Veronika Bertram focusses on disaster risk financing to build resilience in developing countries. In her current role as Pr Portfolio Manager at KfW Development Bank, she manages climate risk financing projects such as the African Risk Capacity (ARC). She is a strong supporter of holistic disaster risk management and disaster risk financing solutions. During her PhD, she analyzed the welfare impacts of weather risk insurance on post-disaster recovery in the case of pastoral households in rural Mongolia. She obtained her PhD in 2015 from Leibniz University Hannover as part of the DIW Graduate Program. Veronika was part of the founding members of DENeB, whose idea - to support and inspire development research in the Berlin area - arose from a discussion among PhD researchers on the margins of a seminar at Griebnizsee in 2013.
Vanessa is a post-doctoral researcher at the Varieties of Democracy (V-Dem) Institute at the University of Gothenburg, Sweden. She obtained her PhD in economics summer 2019 at Humbolt-University Berlin, Germany. Her thesis "Why Democracy Matters: An Economic Perspective" covers how to (not) measure democracy in quantitative studies; macro-economic models of trade, development, democracy and peace, as well as panel data methods.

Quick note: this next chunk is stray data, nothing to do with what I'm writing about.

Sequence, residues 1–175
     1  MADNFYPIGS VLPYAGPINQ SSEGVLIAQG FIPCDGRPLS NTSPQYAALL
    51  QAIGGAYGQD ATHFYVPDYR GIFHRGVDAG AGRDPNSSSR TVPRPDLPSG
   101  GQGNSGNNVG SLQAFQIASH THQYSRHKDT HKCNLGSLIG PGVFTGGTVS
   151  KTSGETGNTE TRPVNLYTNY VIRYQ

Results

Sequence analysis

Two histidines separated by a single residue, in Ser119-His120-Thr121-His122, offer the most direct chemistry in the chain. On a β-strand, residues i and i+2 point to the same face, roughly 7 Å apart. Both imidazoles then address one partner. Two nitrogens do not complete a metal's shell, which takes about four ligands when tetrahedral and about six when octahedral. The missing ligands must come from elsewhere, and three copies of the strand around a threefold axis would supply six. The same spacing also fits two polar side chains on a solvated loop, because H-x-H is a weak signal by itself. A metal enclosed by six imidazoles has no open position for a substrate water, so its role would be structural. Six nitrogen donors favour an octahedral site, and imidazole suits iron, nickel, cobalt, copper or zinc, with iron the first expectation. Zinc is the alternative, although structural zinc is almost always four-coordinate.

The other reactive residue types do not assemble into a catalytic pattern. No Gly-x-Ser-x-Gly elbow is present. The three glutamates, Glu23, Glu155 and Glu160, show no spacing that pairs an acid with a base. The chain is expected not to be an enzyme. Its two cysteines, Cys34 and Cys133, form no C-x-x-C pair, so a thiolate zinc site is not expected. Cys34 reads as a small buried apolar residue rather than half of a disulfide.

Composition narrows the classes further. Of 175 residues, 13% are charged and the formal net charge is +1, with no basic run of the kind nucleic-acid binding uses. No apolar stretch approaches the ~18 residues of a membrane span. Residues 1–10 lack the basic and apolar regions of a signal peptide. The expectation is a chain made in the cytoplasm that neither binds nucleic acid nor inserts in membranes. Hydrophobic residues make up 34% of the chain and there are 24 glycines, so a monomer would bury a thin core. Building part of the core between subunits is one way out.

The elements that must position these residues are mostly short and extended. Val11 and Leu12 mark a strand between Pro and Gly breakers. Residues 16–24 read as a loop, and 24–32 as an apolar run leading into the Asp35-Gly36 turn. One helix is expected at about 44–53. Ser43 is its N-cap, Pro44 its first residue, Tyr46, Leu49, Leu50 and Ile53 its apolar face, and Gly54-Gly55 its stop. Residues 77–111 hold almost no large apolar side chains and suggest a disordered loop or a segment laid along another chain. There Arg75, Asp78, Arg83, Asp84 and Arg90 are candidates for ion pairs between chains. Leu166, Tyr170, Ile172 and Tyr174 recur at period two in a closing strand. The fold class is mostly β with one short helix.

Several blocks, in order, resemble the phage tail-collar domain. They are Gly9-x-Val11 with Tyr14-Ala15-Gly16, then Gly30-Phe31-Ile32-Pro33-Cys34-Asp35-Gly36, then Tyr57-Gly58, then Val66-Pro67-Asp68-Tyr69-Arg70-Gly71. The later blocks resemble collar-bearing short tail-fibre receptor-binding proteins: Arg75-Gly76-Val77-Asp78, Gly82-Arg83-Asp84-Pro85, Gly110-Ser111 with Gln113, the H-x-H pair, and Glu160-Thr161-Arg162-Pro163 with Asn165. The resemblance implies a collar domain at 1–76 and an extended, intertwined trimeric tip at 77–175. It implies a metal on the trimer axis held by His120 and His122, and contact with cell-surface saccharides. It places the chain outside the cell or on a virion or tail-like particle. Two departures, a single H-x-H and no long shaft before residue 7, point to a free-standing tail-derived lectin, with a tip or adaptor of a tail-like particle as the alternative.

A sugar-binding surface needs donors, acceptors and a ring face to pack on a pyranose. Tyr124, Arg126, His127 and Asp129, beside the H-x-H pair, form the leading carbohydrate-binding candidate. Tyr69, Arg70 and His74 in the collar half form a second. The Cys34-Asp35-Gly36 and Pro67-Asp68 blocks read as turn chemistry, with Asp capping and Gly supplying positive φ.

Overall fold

Ana is a postdoc at the Universidad del Rosario and Innovations for Poverty Action Colombia. Previously she was a Research Fellow in the Political Economy of Development research unit at WZB Berlin. She is a Development Economist interested in Political Economy and Behavioural Economics with a focus on gender. Ana is currently working on understanding how increasing political voice of women in developing countries affects community outcomes. She is also working on exploring the effect of decreasing the cost of transportation to school for girls in rural Zambia on educational and empowerment outcomes.
Antonia is a post-doctoral researcher at the University of Aarhus and DIW Berlin. She works on questions regarding household financial decisions making in developing countries. As part of her PhD she investigated the causes and consequences of financial literacy. More recently, she is interested in the reasons behind high levels of debt and in repayment behavior. Antonia has conducted work based in Thailand, Uganda and Tanzania.
Institution: German Institute for Economic Research (DIW Berlin), Humboldt-University Berlin
Position: Associate Researcher and PhD Candidate
Areas of expertise: Weather-related disasters, food security, innovative financial services (mobile money), applied microeconometrics, impact evaluation